When she was nearly finished, we moved to the turtle hatchery. The hatchery looks a bit like a plant nursery – it’s a field of little green tubes made from chicken wire that you might think were there to protect a sapling. But they are protecting clutches of baby turtles. Each egg is replanted in the sand here with its siblings, with the wire tube on top to keep them in together, should hatch at different times. Surrounding the field is a thick wire parameter fence, used to keep out monitor lizards and other predictors on the island.
The field has mixed levels of shade as a turtles’ gender depends completely on the temperature of the sand as it develops. Those born in shade are a clutch of only boys, while those in a consistently sunny spot will all be girls. This evolutionary trait of reptiles will have big implications as our planet continues to warm, as the female population will start to outnumber the males, who hatch in colder climates.
As we were presented with a blue basket of 18 perfectly formed slightly rubbery-looking, day-old hatchlings – I must admit, I gave a little squeal. Probably the cutest thing I’ve ever seen in a basket; they were all flippers and had nothing of the graceful movement I had seen from the adults in the water.
Again, we walked down to the beach and less than 50 yards from the surf and tipped the bucket onto the sand.
“Go to the sea hatchlings! Please make it!” I repeated in my head.
They took about two minutes to flip flop their way over little mounds of sand to the salty incoming waves. All but one. He went in the wrong direction.
“This one isn’t looking too promising.” said a German tourist, picking him up and turning him to face the sea once more.
After three people stepped in to change his direction back to the shoreline, he finally made it and was gone in a miniature splash.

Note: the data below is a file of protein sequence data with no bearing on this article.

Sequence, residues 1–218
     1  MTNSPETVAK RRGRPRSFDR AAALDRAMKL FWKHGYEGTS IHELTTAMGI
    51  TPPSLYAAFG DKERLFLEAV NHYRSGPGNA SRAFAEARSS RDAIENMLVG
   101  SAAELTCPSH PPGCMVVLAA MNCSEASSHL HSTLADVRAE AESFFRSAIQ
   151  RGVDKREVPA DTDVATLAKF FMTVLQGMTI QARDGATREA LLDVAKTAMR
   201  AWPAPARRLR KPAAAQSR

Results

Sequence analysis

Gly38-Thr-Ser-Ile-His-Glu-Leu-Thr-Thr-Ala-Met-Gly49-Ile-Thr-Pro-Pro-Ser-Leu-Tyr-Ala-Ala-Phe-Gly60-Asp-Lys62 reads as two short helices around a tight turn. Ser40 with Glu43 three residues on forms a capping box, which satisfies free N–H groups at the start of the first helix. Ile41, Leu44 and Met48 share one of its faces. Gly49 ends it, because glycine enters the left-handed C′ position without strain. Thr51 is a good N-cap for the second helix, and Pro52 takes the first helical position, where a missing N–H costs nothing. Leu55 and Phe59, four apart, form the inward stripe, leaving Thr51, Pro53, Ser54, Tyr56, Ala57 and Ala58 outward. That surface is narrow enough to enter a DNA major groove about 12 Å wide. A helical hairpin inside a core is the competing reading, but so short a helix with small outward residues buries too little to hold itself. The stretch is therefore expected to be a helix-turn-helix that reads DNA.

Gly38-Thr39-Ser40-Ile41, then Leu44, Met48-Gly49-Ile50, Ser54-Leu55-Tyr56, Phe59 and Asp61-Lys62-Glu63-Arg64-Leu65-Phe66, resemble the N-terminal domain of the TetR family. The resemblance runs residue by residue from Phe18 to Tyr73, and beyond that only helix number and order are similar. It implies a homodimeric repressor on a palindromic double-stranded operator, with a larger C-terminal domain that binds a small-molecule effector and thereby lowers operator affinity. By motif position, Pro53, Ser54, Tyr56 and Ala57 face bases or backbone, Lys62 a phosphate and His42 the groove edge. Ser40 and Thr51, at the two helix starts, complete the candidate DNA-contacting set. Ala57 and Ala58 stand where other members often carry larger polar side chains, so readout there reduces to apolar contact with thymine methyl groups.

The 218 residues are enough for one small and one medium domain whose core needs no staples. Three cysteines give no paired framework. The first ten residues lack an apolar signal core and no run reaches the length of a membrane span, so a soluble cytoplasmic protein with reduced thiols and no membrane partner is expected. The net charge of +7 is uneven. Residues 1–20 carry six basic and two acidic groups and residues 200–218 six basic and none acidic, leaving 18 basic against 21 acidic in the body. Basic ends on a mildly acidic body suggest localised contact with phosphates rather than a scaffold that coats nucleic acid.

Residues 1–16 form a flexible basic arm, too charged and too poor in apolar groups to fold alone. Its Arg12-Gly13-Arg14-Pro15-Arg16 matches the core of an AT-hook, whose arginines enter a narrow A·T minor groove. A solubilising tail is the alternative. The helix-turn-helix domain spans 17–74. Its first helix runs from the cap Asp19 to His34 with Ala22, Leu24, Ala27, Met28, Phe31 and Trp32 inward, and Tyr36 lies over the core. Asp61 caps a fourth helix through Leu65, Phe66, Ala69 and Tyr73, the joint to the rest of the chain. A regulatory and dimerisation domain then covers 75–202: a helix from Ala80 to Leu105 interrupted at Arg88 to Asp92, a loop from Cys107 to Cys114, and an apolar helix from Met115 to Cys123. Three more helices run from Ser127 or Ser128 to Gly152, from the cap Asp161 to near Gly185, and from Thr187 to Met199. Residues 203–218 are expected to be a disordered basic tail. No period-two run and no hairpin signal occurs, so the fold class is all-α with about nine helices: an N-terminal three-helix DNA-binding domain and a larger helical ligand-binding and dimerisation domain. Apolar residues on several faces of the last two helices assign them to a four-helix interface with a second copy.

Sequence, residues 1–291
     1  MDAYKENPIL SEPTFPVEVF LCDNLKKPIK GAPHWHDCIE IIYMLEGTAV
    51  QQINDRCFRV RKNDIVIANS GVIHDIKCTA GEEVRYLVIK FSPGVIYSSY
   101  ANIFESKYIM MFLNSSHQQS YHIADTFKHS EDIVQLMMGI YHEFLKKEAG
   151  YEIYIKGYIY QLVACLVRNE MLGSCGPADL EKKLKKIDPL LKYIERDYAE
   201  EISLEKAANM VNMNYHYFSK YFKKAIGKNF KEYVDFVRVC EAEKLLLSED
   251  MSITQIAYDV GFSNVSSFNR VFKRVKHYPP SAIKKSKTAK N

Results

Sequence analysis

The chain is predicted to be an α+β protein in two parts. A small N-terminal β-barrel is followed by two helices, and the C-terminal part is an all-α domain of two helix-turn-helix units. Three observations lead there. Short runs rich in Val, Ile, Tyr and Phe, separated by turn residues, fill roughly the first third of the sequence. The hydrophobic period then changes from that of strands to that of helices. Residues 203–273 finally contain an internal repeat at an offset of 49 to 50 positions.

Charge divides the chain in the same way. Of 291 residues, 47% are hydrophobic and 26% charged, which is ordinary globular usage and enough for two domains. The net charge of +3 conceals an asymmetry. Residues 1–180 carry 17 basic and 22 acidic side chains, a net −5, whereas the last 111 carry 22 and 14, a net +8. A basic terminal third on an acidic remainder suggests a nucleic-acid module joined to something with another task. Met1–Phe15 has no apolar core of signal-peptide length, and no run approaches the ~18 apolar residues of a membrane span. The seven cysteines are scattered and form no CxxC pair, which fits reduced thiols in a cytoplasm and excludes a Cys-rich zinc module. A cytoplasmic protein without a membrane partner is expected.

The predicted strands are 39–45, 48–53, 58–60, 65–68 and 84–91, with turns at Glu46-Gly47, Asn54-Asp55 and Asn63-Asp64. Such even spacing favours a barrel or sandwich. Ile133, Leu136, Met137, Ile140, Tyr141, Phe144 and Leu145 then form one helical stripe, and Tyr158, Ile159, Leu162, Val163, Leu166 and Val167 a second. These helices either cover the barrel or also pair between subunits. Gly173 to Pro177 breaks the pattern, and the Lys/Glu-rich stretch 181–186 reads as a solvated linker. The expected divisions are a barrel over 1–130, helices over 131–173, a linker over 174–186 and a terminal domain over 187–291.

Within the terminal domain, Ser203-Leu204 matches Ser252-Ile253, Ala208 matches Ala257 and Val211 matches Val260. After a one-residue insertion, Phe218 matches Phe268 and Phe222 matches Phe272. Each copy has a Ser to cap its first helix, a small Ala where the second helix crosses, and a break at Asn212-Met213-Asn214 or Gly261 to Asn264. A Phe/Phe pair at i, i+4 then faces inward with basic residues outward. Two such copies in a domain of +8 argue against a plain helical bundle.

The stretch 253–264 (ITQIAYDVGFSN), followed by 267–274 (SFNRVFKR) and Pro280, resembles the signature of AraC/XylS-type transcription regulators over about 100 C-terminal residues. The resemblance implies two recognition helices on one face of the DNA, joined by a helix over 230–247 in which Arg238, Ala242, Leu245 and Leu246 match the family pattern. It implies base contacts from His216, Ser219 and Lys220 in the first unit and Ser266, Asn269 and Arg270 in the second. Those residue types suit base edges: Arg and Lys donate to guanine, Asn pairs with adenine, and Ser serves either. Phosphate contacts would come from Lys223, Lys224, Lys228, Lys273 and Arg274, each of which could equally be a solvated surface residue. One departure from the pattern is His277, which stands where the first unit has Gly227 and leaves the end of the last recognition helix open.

As horrible a statistic as it is, only one in 100 hatchling makes it to adulthood, with most eaten by fish and other sea creatures in the first few days of their lives. The priority is always to increase numbers of wild turtles, and while there isn’t much anyone can do once they hit the water – at least we can be sure 100 eggs will hatch under the protection of the hatchery.
I had everything crossed for our batch – I really hope at least one made it.
Watching the turtle lay her eggs and then go on to see the hatchlings being released into the open ocean was very special. But for me, the experience was tainted by other tourists and their need to capture the moment rather than living in it – one example; a Swedish girl insisted on taking selfies with the mother turtle as she was laying. Personally, I found it disrespectful and sad.
Although this behaviour was policed a little by the rangers, some visitors seem to believe it was their right to do as they pleased, as they had paid for the experience, and continued to use flash photography despite the instructions not to. This, mixed with the numbers of tourists there – at least 50, meant it wasn’t quite the harmonious and nature-loving experience I was expecting, but I am glad I at least have witnessed wild mother nature at her best.
Update: Coming back, I received a few messages on my phone..(no signal on the island). It transpired, the day we left for the islands, the UK government had advised against all but necessary travel to that group of islands due to the increasing terror threat from Islamic militants in Southern Philippines who had been targeting tourists on beaches in the area.
Knowing the proximity to this part of the Philippines, and the security and size of the Turtle Island – that was alarming, and I was glad to be back in mainland Borneo that evening.
If you want to check current travel advice in the region.